Ideas don’t perform, you need to execute on them. Otherwise, they’re worth nothing. It’s important to find those allies. You’re a small team, you have limited resources. It’s important for you to find those allies because those allies not only will provide you with some capital, but these allies will also spread the word. They have become your ambassadors. So they will speak to potential future clients. They’ll speak to potential future investors. And suddenly it becomes this virtuous circle people are now interested in having a vested interest in your success.
Welcome to the Bricks and Bytes podcast. I’m Owen Drury and together with my co-host Martin Peacart, we’ll be interviewing the people involved with transforming the construction and property industries through the latest and most innovative technologies. Have you ever wondered what it would be like to see a bunch of robots printing reinforced concrete on your construction site? Well, I couldn’t imagine it either. We deep dive into 3D printed concrete with our guests, Henry and Terana of Hyperion Robotics. Stay tuned to hear about Henry’s story from France to Finland and how 3D printing is changing the way we construct from the ground up.
If you enjoy this episode of the Bricks and Bites podcast, please subscribe to us on your favorite podcast platform. You are listening to Bricks and Bites podcast, where we take you on a journey in construction, technology, and business. All right, let’s get this episode started.
What about you and what’s your background? So, I was trained as an engineer and architect back in my school days. I’ve always been fascinated by combining both science and art, and I found architecture to be the perfect discipline to be able to combine both disciplines. From one project together, I joined ARUP. As a structural engineer, you know that ARUP is one of those large engineering consultancy firms around the world. One of the best.
The way I started with ARUP was, I Googled “best structural engineering company in the world.” The first result I clicked, I didn’t even know what ARUP was or what a structural engineer was, and then I applied to 20 of their offices around the world. I got in in Beijing, so I spent a year in Beijing with ARUP and a year in New York with them again. By that time, I had finished my master’s degree in architecture and engineering. They liked me, and I liked them, but my visa in the US was expiring. So they said, “Why don’t you join the mothership in London?” – the headquarters of ARUP – and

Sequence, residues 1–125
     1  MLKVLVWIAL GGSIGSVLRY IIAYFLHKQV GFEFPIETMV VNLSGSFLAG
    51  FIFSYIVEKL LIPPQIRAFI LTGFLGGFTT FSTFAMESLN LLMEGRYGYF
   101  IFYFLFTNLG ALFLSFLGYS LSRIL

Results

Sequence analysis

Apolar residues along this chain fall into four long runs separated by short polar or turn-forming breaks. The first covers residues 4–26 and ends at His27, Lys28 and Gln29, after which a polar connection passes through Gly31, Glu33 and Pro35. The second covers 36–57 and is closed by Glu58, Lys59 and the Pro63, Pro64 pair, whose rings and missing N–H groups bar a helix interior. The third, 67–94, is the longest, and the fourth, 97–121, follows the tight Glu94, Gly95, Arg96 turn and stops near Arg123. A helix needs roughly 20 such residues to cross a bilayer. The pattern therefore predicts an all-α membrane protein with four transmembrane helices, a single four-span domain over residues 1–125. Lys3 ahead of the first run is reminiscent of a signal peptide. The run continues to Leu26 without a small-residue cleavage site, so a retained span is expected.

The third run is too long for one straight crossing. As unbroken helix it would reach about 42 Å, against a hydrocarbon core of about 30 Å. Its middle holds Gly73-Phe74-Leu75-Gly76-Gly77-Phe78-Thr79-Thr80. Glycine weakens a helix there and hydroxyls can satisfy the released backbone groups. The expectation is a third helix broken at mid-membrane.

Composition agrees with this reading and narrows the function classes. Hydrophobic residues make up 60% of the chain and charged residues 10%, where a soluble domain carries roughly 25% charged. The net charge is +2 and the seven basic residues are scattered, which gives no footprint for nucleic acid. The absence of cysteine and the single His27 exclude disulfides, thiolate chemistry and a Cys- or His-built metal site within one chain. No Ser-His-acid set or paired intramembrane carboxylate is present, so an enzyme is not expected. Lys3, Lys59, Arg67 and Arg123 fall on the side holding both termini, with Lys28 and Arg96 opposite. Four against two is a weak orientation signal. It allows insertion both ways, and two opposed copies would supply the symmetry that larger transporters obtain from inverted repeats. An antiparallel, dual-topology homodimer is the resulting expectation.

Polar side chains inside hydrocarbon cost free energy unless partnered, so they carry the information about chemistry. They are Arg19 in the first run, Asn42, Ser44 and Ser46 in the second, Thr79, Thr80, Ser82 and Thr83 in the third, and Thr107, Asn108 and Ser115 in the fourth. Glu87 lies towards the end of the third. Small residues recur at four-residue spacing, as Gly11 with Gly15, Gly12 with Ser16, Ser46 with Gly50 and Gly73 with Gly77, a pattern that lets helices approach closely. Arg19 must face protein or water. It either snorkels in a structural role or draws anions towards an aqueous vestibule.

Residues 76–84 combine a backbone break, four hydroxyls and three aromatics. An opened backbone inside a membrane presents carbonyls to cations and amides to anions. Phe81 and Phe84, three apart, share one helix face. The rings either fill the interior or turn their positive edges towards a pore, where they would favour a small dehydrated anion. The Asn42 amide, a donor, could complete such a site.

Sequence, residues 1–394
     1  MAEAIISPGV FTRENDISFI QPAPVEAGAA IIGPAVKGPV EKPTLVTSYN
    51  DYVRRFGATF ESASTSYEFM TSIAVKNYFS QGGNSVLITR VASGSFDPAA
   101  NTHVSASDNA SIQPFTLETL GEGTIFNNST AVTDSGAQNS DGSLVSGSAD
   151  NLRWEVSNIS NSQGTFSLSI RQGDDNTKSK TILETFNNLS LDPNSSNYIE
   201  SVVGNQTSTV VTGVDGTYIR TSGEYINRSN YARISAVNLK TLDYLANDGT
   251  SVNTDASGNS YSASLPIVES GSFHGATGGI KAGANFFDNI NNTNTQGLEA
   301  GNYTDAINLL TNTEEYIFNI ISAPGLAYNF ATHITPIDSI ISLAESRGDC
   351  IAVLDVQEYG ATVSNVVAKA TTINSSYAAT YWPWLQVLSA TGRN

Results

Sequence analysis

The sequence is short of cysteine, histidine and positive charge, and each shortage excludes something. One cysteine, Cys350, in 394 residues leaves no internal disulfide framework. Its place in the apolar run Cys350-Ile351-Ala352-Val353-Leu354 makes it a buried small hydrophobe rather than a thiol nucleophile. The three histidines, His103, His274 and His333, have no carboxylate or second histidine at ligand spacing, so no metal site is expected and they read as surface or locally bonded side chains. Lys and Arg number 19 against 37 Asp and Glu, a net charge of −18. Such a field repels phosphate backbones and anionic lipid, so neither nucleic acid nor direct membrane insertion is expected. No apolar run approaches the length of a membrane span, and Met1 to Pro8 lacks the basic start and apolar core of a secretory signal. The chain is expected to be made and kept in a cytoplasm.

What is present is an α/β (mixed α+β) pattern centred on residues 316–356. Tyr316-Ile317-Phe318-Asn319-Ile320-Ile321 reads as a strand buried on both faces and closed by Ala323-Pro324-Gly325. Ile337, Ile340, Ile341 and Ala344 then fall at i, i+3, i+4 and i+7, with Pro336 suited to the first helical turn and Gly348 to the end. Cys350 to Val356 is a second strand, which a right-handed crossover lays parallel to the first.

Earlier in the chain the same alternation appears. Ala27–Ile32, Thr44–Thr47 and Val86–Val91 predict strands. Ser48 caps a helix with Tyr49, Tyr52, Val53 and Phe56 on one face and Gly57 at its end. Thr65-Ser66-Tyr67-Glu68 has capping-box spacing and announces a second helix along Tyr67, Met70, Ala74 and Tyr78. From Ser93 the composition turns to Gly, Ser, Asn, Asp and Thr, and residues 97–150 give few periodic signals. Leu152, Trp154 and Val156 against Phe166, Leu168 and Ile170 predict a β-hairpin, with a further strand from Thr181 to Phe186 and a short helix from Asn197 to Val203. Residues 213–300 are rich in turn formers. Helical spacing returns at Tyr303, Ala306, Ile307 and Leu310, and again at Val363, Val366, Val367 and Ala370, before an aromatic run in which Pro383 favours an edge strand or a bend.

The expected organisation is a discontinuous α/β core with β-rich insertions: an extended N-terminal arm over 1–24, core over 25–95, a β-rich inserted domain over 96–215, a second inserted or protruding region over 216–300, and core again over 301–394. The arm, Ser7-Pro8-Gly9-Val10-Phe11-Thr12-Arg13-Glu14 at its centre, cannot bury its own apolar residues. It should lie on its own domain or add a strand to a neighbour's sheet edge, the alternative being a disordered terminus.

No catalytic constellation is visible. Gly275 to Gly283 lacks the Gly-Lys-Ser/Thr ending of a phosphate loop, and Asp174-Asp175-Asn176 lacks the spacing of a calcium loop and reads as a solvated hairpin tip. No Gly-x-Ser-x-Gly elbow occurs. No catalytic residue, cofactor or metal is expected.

But it’s only really that I felt like I wanted something more. I wanted to spread my own wings in a sense. I didn’t want to be part of that big ship, this big machinery, and just be a small gear. I wanted to basically sail on my own or sail with my own team on my own boat. And that’s where the entrepreneurship journey starts.
Yeah, it’s a sign of a true entrepreneur, right? When you’re working for the same people for a long time and you decide this just isn’t for me. I think people either have it in their blood or they don’t. Some people love obviously working for other people, and that’s fantastic, but we’re here because we’re not those people, and we like to explore what we can do and it opens the opportunity greatly to us as well.
Yeah, I mean, it’s a mindset, it’s this kind of fire, that drive that is quite important, I would say, and also this kind of guts to handle risk. It’s obviously not been easy. For two years, I was literally living on a 1,000-pound-a-month budget in London. Sounds right. So, 75% of it went to my rent. A quarter, let’s say, was into food. And lucky for me, in a sense,
And that’s where I started with this first failure of mine, a startup focusing on, let’s say, architectural cabins built around the world by this community of enthusiasts who loved actually making them. It was all to be crowd-sourced, crowd-built, and crowd-owned also. And then, well, that didn’t go really far, except it took me all the way to Cumbria. I was living in a small town called Ravenglass, where our first project was to happen, but unfortunately, it never happened.
I went back to London, was a freelance, did a few house extensions, but it didn’t really feel like I was making a big impact, or I had too much appetite. So, I tried to do a designer
And that’s why I brought this construction domain expertise. Yeah, nice. You went to an accelerator before you found, let’s say, Hyperion. Yes. That’s where you met the founders. And then you go into the next chapter of your life, shall we say?
No, actually, Antler was, let’s say, just like a little break. I had met Ashish and Fernando before then, while actually working as a freelance engineer. I was still helping them all throughout, but I thought that Accelerator could be also another opportunity. So, I was still helping Hyperion as a freelance, but then we all realized that Hyperion, well, first of all, the Accelerator didn’t work for me, and Hyperion needed an engineer, construction domain expert, and that’s where I said, “Okay, I’ll be committing full-time with Hyperion.” I even moved to Finland while we had nothing. We had very little budget, we just had enough to pay rent for and a robot for three months. That’s all I was betting on.
The garage history
Very adventurous personality, which I would love to say about myself. I am. So, I’m very happy with you. Great. Very good. Okay, so you mentioned a few times Hyperion. So, in a few words, how would you describe, what does Hyperion do?